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Experts bemoan denial of '2000 bug'

screen October 13, 1996
Web posted at: 4:45 p.m. EDT

ATLANTA (CNN) -- The year 2000 is practically around the corner, promising great new things. And maybe, some big new problems for computer owners.

The Year 2000 Bug, for lack of a better term, is not really a bug but a computer industry mistake.

It seems that many older business computers, especially mainframes and their software, aren't programmed to compute a future year ending in double zeros.

"The entire industry is in a state of denial," says Mike Elgan an editor of Windows Magazine, who estimates the problem could cost businesses a total of $600 billion to remedy.


When the clock strikes 12:01 a.m. in the year 2000, Elgan says, 103-year-old people may get enrollment information on kindergartens because a computer thinks they are 3 years old. Food that is brand new could be ordered destroyed because a computer thinks it is 90 years old.

Until now, mainframes were thought to be in the greatest danger of a malfunction. But Elgan says 60 to 80 million home and small business users who do accounting and math on Windows 3.1 and older software are at equal risk.

Is there plenty of time for repair? Not for people who already are using computers to deal with situations that will carry into the next century -- such as trying to cut the annual federal deficit to zero by the year 2002, for instance.

"We would expect a number of applications to not only not function by January 1, 2000, but start to process and produce erroneous data," warned Devon Fischer of Mutual of Omaha.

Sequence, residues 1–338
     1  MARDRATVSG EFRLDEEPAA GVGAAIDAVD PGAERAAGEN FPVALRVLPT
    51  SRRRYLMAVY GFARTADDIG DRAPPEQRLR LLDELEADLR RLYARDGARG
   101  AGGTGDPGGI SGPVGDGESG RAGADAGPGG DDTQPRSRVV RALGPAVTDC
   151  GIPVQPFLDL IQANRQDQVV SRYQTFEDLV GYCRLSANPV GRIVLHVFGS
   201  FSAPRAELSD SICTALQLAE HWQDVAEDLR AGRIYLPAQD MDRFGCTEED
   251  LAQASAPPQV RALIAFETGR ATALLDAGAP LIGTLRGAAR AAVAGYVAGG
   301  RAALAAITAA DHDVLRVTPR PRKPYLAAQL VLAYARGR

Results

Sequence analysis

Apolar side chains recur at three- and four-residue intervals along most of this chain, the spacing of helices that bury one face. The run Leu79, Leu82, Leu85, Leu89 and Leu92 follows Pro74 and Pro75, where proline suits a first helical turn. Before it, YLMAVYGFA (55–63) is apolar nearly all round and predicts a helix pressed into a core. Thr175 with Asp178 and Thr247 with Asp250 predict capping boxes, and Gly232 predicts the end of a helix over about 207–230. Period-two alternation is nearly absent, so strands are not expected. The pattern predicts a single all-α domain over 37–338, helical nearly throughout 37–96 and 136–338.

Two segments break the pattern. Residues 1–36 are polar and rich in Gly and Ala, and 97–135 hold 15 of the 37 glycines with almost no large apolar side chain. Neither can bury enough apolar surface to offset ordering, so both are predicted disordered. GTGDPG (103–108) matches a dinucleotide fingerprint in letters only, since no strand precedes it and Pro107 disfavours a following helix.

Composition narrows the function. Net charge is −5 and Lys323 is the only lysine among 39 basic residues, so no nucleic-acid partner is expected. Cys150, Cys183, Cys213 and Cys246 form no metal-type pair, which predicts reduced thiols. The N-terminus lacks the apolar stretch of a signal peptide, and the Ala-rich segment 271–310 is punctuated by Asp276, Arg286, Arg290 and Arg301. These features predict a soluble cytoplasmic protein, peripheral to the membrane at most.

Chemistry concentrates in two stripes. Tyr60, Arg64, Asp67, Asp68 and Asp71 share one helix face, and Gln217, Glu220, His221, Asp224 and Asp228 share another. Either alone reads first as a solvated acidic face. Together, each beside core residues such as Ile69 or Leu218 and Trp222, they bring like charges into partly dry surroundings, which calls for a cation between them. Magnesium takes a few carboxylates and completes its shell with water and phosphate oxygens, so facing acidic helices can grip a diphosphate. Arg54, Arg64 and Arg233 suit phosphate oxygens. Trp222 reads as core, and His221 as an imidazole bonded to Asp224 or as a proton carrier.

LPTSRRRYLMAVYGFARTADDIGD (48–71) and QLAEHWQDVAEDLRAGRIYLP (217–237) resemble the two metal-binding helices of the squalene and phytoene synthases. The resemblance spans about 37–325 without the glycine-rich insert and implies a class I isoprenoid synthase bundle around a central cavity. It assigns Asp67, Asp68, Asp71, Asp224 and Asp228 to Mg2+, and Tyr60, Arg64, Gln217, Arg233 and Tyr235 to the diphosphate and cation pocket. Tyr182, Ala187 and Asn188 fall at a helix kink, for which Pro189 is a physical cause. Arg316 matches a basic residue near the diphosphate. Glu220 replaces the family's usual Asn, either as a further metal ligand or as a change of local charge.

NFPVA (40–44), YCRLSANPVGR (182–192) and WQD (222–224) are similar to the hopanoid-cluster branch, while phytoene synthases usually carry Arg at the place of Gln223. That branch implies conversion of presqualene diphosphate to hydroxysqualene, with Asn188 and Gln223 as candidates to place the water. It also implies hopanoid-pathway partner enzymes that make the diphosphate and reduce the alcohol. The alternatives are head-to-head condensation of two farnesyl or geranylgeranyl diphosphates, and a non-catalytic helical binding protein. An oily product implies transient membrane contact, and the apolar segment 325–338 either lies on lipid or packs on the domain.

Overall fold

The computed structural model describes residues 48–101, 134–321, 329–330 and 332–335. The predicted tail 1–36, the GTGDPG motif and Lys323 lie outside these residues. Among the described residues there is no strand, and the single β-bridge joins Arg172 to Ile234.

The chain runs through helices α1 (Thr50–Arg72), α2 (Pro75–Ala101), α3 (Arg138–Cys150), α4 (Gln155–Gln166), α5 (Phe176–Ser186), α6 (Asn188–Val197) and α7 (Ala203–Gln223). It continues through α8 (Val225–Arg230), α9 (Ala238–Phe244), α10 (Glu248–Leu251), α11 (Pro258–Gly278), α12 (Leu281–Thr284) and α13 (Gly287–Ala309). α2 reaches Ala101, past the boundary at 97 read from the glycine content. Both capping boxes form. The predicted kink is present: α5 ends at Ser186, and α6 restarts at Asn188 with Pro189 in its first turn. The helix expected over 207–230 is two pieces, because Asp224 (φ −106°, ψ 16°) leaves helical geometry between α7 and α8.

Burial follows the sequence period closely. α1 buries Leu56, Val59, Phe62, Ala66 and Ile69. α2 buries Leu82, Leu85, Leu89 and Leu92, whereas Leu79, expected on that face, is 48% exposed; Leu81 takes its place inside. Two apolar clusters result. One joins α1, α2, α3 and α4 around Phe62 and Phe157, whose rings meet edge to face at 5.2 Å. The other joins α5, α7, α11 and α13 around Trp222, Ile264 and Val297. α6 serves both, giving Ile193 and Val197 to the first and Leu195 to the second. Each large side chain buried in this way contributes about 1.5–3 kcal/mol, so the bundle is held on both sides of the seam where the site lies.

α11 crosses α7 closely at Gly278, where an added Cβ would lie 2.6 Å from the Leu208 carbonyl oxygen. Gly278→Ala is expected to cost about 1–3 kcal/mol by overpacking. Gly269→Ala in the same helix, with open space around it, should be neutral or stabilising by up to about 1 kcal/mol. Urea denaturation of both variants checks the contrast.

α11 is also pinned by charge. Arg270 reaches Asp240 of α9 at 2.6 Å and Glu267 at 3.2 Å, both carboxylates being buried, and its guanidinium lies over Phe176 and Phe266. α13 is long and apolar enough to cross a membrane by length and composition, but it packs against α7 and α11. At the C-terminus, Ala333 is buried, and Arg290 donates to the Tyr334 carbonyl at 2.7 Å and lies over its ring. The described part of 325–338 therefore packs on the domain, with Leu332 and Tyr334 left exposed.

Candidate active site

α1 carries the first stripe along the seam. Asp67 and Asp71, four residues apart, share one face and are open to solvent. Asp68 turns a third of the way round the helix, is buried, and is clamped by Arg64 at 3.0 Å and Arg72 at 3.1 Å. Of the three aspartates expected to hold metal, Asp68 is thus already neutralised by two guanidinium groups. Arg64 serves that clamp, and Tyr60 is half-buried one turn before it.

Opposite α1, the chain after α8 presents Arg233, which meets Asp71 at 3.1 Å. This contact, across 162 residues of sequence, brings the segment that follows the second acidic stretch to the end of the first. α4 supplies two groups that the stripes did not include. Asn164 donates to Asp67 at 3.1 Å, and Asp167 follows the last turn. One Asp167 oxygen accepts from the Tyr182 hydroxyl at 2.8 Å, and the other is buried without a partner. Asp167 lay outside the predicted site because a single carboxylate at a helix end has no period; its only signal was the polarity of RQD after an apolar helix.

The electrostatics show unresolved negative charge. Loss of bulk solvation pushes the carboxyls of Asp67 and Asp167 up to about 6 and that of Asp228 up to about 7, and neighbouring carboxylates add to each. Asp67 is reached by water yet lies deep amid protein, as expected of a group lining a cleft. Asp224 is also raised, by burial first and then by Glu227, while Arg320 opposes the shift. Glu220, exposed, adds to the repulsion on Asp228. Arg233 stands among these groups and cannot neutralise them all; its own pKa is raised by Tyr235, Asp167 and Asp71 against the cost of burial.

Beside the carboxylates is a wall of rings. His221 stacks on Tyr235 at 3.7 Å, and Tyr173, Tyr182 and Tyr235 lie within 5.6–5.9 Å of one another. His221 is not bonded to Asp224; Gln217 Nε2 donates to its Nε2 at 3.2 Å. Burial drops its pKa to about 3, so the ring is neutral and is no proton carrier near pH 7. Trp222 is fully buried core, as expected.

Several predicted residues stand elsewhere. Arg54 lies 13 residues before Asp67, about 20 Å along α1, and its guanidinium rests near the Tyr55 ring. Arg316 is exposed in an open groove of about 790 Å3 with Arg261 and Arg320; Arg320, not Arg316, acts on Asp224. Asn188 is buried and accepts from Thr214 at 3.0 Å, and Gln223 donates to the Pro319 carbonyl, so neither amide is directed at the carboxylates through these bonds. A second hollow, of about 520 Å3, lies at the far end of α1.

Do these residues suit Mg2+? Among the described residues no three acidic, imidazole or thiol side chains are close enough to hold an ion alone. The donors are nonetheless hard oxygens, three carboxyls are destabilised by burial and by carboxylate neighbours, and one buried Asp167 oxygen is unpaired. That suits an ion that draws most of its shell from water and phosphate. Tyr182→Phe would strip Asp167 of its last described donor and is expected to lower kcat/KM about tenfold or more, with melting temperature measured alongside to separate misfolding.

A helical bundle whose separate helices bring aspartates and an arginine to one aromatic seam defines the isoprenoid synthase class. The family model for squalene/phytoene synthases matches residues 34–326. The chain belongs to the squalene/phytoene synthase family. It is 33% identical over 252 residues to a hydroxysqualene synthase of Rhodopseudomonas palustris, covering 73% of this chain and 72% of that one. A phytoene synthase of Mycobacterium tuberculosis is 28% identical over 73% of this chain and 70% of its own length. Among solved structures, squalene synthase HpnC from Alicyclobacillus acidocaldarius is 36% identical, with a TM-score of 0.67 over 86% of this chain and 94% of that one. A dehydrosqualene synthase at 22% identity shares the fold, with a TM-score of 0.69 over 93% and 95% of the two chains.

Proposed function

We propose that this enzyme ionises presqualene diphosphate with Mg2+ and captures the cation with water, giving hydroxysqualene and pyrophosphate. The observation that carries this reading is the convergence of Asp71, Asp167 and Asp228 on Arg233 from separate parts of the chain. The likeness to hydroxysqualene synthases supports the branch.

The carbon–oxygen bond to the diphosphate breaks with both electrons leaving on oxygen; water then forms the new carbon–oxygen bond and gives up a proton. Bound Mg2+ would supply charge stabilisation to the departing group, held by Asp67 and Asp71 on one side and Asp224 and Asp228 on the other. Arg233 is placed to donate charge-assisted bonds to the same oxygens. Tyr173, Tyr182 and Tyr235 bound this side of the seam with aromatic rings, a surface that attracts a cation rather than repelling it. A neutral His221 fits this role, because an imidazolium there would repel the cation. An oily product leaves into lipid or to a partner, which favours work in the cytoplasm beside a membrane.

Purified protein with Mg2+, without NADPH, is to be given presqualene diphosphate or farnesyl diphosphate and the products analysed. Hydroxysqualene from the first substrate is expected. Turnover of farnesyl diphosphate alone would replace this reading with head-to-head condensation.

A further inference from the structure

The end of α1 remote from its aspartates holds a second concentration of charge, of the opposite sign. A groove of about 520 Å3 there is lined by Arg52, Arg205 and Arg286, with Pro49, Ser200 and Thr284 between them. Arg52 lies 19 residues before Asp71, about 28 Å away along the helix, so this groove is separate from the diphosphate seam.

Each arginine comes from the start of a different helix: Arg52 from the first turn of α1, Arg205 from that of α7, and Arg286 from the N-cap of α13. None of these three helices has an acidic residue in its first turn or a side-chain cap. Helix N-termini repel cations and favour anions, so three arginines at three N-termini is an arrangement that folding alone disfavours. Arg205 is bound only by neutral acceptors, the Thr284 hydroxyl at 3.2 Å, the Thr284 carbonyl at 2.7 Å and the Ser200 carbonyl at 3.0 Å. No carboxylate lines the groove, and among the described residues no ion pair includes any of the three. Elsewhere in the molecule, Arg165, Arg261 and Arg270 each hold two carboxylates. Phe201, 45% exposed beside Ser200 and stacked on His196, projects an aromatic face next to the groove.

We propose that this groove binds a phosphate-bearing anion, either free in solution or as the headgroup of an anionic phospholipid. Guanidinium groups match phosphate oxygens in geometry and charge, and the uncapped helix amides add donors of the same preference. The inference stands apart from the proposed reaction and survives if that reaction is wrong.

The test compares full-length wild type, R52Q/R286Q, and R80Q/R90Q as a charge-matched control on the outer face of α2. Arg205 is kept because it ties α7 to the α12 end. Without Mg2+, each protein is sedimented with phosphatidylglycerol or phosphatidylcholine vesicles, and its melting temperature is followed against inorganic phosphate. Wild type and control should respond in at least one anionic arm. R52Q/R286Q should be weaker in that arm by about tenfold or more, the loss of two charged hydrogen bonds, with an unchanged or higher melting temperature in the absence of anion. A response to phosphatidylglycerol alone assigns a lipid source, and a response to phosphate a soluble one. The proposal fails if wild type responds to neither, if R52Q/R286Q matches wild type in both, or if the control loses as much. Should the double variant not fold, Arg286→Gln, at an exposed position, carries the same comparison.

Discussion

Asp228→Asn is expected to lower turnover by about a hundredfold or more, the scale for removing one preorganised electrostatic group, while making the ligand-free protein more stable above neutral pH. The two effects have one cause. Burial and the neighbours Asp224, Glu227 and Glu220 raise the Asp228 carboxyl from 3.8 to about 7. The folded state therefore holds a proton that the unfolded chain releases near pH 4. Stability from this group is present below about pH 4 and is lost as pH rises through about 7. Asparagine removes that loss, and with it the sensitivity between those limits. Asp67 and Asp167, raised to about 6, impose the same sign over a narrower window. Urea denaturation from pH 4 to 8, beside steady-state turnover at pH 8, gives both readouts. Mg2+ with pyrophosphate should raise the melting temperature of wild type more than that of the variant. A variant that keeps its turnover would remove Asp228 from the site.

"We can't wait to fix it. We have to start addressing the problem now."

So what's a user to do?

First, Elgan advises a quick check of one's PC:

Set the internal clock to 11:59 p.m. on December 31, 1999, or a minute before the year 2000.

Then, turn the computer off and turn it back on. If the date reads "1980," when the computer is restarted, then it has the bug.


There are steps, however, that computer owners can take to avoid catastrophe.

PC owners can upgrade their computer's BIOS or they can go about the expensive business of upgrading their operating system.

If a user has already done that, and has Windows 95, he should be in good shape, for another 99 years.

But that still leaves your software.

If it's old, its clock may be ready to run out in three short years. And upgrading may be the only solution.

Correspondents Brian Nelson and Jed Duvall contributed to this report.

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